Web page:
“Owen” he shouted and signaled for me to come over. For some reason he thought I looked like Michael Owen, I can’t see it myself but he insisted on calling me Owen, even said I should get the name on my shorts.

I sat down to have my hands wrapped; I was a little curious as to why no one was coming to watch and the fact that mine was the only fight happening.

My opponent Puja, (not to be confused with Puja Sor Suwanne) sat down practically next to me to have his hands wrapped. We both got on to the same bench, at the same time to get massaged. Wayhard must have used a whole bottle of Thai oil on me because I was on fire, almost to the point that it was unbearable.

I climbed into the ring first, followed by Puja. Wayhard asked me “you know wai kru?” I nodded and off I went. After we both finished, the referee called us to the centre of the ring, Choke was the referee.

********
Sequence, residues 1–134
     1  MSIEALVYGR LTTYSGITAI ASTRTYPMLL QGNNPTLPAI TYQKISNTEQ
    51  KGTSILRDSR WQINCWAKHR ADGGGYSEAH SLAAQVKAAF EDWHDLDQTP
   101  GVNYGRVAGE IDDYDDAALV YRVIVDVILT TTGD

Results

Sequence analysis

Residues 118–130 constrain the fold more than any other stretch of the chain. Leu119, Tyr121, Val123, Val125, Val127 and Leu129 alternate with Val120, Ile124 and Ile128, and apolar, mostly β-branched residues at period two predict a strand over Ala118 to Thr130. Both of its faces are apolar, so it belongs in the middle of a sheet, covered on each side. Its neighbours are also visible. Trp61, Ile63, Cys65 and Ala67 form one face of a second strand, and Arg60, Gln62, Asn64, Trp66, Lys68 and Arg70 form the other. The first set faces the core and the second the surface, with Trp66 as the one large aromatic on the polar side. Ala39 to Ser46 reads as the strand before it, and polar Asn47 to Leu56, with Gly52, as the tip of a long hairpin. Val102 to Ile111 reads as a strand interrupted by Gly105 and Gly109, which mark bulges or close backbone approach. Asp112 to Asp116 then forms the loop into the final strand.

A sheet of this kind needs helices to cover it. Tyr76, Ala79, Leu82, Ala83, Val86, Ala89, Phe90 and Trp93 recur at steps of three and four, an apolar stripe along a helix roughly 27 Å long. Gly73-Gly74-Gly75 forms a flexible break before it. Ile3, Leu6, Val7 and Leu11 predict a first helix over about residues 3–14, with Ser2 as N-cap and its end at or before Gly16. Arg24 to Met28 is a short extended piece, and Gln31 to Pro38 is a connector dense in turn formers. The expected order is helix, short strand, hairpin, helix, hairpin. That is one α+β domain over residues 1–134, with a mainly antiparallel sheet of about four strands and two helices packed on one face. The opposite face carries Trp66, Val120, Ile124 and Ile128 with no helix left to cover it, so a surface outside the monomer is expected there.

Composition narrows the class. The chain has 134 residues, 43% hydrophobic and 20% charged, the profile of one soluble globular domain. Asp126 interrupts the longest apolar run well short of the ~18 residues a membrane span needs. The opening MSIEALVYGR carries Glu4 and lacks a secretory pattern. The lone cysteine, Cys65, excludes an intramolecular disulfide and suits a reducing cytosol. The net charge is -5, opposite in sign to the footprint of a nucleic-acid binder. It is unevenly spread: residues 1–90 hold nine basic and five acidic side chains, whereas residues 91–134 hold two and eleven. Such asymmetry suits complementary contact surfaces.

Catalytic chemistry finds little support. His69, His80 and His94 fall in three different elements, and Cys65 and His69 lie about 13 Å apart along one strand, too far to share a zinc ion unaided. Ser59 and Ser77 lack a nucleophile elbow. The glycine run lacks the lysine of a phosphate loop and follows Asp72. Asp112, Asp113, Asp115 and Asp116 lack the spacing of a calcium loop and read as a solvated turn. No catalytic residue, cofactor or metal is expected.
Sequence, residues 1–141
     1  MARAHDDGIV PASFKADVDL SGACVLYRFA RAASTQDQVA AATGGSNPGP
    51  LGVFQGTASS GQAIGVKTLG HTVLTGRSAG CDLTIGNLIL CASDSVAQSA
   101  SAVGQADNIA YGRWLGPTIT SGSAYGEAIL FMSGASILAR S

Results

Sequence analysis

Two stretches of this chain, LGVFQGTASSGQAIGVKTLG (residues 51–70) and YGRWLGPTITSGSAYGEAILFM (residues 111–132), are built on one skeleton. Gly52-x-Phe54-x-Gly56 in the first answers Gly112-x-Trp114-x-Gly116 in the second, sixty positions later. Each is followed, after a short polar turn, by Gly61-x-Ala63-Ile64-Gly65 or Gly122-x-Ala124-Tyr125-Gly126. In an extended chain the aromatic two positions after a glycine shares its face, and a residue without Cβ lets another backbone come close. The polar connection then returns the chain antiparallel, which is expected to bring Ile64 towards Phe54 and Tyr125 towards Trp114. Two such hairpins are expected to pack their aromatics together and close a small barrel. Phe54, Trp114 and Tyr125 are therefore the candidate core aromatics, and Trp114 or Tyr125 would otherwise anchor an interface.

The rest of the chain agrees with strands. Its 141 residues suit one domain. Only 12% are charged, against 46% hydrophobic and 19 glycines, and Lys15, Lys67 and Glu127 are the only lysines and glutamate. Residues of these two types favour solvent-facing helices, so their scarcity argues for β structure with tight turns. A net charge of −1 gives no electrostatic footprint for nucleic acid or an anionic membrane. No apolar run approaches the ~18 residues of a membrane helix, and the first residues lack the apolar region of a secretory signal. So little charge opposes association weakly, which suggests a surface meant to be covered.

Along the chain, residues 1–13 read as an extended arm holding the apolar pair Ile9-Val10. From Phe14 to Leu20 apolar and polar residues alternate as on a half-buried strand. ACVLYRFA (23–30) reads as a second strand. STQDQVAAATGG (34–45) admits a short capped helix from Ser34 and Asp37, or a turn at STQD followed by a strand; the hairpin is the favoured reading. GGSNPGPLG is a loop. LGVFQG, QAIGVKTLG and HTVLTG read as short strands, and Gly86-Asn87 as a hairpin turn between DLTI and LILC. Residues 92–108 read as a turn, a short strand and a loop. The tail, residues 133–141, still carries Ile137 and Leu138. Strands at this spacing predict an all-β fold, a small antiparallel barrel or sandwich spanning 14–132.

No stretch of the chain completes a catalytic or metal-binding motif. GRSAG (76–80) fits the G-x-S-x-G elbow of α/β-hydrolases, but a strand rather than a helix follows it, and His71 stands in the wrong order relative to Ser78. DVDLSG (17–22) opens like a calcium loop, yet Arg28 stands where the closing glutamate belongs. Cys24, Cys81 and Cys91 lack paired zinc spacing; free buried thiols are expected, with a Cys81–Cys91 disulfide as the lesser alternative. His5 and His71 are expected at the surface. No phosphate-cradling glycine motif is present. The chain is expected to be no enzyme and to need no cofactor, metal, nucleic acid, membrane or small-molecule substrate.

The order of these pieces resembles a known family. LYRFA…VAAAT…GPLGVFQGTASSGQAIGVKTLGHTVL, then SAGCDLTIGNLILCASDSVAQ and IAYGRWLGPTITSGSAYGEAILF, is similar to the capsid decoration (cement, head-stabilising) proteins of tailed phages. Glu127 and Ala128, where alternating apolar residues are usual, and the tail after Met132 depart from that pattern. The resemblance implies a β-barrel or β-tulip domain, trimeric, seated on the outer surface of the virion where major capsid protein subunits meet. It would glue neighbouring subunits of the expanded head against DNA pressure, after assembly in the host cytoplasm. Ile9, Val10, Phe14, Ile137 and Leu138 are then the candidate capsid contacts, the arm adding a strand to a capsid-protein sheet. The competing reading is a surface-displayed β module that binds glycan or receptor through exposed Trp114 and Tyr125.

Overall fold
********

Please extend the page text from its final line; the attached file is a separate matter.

The fight started, Puja booted me pretty hard, I remember thinking “You F**ker” and replied with some heavy punches followed by my own kick. The fight pretty much went like this for the early rounds.

Round four and I landed a body shot which crippled Puja sending him to the canvas rolling around holding his stomach. I stood in the neutral corner as Choke counted, then I noticed Mr Lek run over to the side of the ring where Puja Lay. He screamed and shouted violently at Puju signaling him to get up. Puja stood up slowly then looked at me very sternly. He came at me like a man possessed throwing kicks and knees.